It's Hard to Love Other People's Kids

I used to feel this way before I had a kid of my own.

 

Yes, believe it or not, I was one of those impatient, annoyed diners hoping the whiny, noisy kid and his parents would leave the restaurant, leaving me and my husband to enjoy our romantic dinner.

 

Things changed two years ago when I had a baby.

 

Now, I am the sweating, stressed out Mom sitting on the floor in the middle of P.F. Changs trying to squelch my toddler’s tantrum.

 

I am aware that most people probably aren’t loving on me (or her) for ruining their meal.

 

I am so sorry for my past intolerance. I have more patience for other people’s kids now.

It’s hard to love other people’s kids.
It’s hard to love other people’s kids.

How do you feel about other people’s kids? What if those kids are your spouse’s kids? How do you treat those kids? Do you realize how you treat those kids could cause your spouse to lose (or gain) custody rights related to those kids?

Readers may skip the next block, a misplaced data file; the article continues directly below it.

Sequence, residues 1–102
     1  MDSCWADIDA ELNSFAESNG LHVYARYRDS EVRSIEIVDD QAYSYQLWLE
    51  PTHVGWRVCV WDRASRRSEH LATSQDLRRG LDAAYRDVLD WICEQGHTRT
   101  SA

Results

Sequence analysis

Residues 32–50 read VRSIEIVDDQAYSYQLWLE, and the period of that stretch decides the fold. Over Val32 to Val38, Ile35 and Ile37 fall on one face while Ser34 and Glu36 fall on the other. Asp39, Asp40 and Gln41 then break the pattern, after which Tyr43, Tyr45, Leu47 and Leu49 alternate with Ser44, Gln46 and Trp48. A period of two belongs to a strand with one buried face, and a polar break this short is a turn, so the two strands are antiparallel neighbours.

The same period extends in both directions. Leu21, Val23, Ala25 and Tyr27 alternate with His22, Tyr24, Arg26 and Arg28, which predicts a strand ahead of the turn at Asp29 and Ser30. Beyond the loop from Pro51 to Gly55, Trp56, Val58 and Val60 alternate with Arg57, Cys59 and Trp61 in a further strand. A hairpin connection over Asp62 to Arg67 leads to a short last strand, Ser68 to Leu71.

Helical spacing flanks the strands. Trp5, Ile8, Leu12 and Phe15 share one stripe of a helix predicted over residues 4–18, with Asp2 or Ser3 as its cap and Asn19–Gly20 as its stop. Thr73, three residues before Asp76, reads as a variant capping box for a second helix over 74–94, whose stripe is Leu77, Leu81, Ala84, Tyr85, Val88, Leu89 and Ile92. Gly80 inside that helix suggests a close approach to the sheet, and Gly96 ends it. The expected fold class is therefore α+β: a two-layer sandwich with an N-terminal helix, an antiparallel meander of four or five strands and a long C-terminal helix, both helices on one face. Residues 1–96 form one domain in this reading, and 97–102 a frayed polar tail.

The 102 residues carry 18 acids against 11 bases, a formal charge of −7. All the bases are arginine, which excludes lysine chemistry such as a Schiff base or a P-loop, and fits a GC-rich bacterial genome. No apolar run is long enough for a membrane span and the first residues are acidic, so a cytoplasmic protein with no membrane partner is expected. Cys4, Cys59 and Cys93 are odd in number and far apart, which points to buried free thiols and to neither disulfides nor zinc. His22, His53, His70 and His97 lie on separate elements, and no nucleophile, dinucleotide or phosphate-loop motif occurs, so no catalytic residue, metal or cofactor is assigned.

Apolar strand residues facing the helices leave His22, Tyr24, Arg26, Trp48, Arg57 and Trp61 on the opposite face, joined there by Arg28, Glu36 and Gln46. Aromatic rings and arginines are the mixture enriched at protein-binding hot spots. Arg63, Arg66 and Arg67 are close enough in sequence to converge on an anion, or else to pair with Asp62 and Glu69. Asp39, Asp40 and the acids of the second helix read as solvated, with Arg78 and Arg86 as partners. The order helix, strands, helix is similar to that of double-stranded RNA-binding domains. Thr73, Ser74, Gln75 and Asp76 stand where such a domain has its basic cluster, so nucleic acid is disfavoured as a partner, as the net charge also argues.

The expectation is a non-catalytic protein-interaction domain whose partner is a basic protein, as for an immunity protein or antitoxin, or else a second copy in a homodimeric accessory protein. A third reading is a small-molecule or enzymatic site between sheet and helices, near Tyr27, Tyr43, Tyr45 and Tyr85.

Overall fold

In this week’s blog post from Hernandez Family Law, we talk about Step-Mom Acts that Might Get You a Modification of Custody. While many of the acts on our Top 5 List might seem like common sense, you would be surprised at how many clients are shocked to learn that custody of their children is in jeopardy due to something like child abuse, substance abuse or neglect.

 

Our blog will help you break it down, self-correct and/or decide whether you need to take action because of the acts of your ex’s new significant other.

 

As hard as it might be to love other people’s kids, if you love your spouse, treating his or her kids right will go a long way towards future marital bliss in your home.

 

I’d love to hear your tips and tricks for showing your spouse’s kids that you do love them and you do care.

 

Thanks for reading. I’m sending you wishes for peace and patience in the face of a mini-me meltdown.

 

All my best,

Wendy

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